As for jumping into Calc II... do it. You can do it. This is precisely what I did. If you have taken any level of calculus in high school, you will gain very little from taking Calc I. You will learn everything you need to know about Calc I simply through its integration into your physics courses. That said, Calc II will be difficult. Make use of the faculty and any tutoring services offered by your university if you feel you are struggling. Do not struggle alone. Talk to your peers, and to sophomores, and juniors, and seniors: they were where you are, and they will have answers. And for god's sake, read your textbook. Freshmen and sophomores just don't do this because they've never really, really had to before. Know better than them. Read your book.

    Lastly, you are where you are. And where you are, you can do something great. And if you're still worried about the school reputation or whatever, don't be. It's standard practice for grad schools to use the PGRE to gauge your grades against other schools if they've never heard of your school before. The liberal arts university has a bad rap, and it deserves some of that rap, but the STEM is as good as anywhere else. But you can make it better than anywhere else.
  4. Jul 27, 2017 #3


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    Daniel Gallimore gave a great discussion about choosing a school. The one disagreement I have is in the choice between Calculus 1 and Calculus 2. Study the course 1 first will ensure you gain better understanding BEFORE heading into the course 2.
  5. Jul 27, 2017 #4
    No need to sweat about a degree from a small liberal arts college per se. It depends on the particular one. I've known students who got their bachelor's in physics from Wellesley and Carleton who have gone on to top grad schools.
  6. Jul 27, 2017 #5


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    I did my undergraduate at a small, solid but not prestigious liberal-arts college with about a thousand students and three physics professors. There were five physics majors in my graduating class, one of whom was a double major in math who was really a math person. All of us went on to grad school, four in physics or engineering: Michigan (me), Ohio State, Illinois and Tufts, and one in math: Washington U (St. Louis). Two of us ended up with PhDs and got academic positions: one (me) at another small liberal-arts college, the other doing robotics at a research university. Another stopped at a masters in engineering, and worked for a large company for many years. Another one went into technical writing. I don't know what happened to the math person.

    This was in the 1970s, before undergraduate research became a Really Big Thing, but a couple of the profs did have small research projects, and we all did various projects outside of class. Most of my "outside projects" involved computer programming, in the days before personal computers. One summer, several physics and chemistry majors did a research project analyzing water pollution in the area using X-ray flourescence spectroscopy, funded by a grant. I was one of the computer programmers for that group.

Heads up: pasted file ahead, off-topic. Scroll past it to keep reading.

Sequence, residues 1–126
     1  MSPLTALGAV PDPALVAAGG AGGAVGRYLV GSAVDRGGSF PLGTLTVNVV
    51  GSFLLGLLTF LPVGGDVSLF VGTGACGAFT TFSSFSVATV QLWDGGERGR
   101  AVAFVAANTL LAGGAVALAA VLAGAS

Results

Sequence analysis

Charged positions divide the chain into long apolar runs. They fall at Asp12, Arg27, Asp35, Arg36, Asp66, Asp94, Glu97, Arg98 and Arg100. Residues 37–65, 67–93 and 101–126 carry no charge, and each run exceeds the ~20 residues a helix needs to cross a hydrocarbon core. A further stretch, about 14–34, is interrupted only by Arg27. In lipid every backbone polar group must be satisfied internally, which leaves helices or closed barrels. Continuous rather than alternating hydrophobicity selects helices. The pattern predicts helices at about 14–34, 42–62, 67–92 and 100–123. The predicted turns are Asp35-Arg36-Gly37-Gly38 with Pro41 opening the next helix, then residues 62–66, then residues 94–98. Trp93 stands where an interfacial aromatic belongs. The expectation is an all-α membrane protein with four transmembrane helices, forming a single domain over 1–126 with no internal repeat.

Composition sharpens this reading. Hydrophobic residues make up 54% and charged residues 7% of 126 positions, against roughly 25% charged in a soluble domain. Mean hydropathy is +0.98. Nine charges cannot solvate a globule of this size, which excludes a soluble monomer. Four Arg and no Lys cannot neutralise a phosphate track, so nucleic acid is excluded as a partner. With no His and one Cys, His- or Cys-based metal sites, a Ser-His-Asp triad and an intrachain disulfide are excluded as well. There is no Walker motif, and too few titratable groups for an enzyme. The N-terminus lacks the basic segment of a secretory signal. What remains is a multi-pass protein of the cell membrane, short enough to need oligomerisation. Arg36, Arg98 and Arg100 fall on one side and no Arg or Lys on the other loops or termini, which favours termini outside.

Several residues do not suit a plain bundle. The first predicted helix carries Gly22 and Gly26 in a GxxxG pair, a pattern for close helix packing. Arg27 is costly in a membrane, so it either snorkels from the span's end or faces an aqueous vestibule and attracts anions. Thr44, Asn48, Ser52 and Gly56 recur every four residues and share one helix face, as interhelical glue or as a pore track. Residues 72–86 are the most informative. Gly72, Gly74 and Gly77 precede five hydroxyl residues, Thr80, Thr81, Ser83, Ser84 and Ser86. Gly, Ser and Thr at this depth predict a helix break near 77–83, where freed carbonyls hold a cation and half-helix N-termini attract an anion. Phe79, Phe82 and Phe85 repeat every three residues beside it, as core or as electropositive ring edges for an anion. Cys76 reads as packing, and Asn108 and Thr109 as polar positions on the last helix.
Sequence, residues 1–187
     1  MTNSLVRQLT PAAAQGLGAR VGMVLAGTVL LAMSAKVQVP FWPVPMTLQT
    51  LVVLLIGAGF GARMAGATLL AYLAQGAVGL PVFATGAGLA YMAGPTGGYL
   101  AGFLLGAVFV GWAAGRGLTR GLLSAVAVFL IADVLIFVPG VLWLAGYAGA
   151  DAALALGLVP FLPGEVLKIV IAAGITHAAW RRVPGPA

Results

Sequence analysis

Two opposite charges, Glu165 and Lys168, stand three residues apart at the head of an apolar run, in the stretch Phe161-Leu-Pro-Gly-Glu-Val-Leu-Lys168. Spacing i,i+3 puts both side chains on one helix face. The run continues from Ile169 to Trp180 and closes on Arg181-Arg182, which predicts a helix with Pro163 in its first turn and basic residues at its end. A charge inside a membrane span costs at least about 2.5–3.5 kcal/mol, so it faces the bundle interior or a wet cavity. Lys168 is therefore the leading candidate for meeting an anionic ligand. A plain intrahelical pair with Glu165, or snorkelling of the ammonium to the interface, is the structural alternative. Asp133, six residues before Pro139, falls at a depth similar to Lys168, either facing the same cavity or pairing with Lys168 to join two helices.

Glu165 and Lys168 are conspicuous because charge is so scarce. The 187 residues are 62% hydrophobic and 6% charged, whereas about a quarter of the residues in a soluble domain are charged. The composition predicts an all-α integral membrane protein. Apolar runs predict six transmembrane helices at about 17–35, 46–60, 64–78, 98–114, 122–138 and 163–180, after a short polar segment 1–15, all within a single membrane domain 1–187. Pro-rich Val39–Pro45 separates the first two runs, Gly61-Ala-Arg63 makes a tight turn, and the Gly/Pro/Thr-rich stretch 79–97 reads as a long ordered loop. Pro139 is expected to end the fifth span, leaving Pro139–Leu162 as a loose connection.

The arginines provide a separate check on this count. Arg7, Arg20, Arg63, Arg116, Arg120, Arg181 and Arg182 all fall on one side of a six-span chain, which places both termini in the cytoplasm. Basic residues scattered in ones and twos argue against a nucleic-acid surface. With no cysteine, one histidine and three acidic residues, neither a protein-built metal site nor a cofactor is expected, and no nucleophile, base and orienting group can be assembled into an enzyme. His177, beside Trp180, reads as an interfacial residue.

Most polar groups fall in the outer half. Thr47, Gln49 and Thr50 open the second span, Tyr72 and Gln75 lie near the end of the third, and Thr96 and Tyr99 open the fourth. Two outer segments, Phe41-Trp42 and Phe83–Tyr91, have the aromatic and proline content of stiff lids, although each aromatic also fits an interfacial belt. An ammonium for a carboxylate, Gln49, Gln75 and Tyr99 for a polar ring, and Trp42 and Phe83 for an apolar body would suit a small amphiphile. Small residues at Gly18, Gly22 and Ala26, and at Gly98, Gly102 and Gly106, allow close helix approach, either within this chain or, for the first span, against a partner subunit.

(Nowadays, small colleges are more likely to have ongoing research programs, and there are lots of formal summer research programs (REUs) at larger universities.)

    In general, the physics majors were a tight-knit bunch, hanging out and studying together in the "library" in the department. We pretty much had the run of the department, with keys that got us into the building and most of the classrooms and labs at night. If we wanted to do an impromptu demonstration or experiment, we could go down the hall and pull out the equipment. The profs knew all of us well, and were very approachable.

    I also started out in Calculus II after a placement interview with the math department chair. I had taken calculus in my senior year of high school. Not AP; I'm not sure AP courses even existed back then, at any rate my high school didn't have them. I did well enough in it that he figured I didn't need to repeat the material. I did fine in Calc II and even ended up double-majoring in physics and math.
  7. Jul 27, 2017 #6


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    Definite counter-example to what I said, from jtbell:
    The choice to make between the two, Calc 1 or Calc 2, depends on what you know about YOUR high school Calculus course, what really is the content of the college's courses (Calc 1 and Calc 2) , and how reliable the testing for placement is and the faith you have in the college's advisors. I gave my advice about this accounting for the possibility that, upon finishing highschool having had one year of "Calculus", student may grow weak in his skills and knowledge and will need at least several weeks of review in Calc 1 before trying Calc 2, in order to be ready.
  8. Jul 27, 2017 #7
    I mentor a number of high school students who go on to major in physics, chemistry, or engineering in college. When they ask my advice for picking a college, I advise that they concern themselves with a few things:

    1. Academic rigor in their discipline and in the essential prerequisites for their discipline.